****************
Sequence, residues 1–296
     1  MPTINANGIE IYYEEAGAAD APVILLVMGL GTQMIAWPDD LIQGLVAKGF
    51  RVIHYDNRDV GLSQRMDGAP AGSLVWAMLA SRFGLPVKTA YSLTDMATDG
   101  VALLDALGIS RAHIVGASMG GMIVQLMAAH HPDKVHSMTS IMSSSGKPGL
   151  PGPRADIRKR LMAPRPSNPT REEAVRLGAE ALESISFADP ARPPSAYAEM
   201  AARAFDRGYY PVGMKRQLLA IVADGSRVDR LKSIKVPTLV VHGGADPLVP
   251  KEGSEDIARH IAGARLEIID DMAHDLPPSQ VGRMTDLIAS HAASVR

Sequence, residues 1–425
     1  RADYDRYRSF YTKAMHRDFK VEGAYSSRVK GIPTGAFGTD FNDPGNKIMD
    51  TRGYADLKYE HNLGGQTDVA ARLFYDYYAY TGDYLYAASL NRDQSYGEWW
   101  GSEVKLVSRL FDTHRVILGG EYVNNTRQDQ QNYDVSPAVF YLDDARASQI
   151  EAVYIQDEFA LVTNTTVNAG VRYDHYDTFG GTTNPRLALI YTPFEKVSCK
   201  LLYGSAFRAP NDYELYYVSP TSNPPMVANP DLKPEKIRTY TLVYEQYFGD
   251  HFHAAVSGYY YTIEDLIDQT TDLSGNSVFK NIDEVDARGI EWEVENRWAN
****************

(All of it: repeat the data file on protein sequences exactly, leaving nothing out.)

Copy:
Sequence, residues 1–296
     1  MPTINANGIE IYYEEAGAAD APVILLVMGL GTQMIAWPDD LIQGLVAKGF
    51  RVIHYDNRDV GLSQRMDGAP AGSLVWAMLA SRFGLPVKTA YSLTDMATDG
   101  VALLDALGIS RAHIVGASMG GMIVQLMAAH HPDKVHSMTS IMSSSGKPGL
   151  PGPRADIRKR LMAPRPSNPT REEAVRLGAE ALESISFADP ARPPSAYAEM
   201  AARAFDRGYY PVGMKRQLLA IVADGSRVDR LKSIKVPTLV VHGGADPLVP
   251  KEGSEDIARH IAGARLEIID DMAHDLPPSQ VGRMTDLIAS HAASVR

Sequence, residues 1–425
     1  RADYDRYRSF YTKAMHRDFK VEGAYSSRVK GIPTGAFGTD FNDPGNKIMD
    51  TRGYADLKYE HNLGGQTDVA ARLFYDYYAY TGDYLYAASL NRDQSYGEWW
   101  GSEVKLVSRL FDTHRVILGG EYVNNTRQDQ QNYDVSPAVF YLDDARASQI
   151  EAVYIQDEFA LVTNTTVNAG VRYDHYDTFG GTTNPRLALI YTPFEKVSCK
   201  LLYGSAFRAP NDYELYYVSP TSNPPMVANP DLKPEKIRTY TLVYEQYFGD
   251  HFHAAVSGYY YTIEDLIDQT TDLSGNSVFK NIDEVDARGI EWEVENRWAN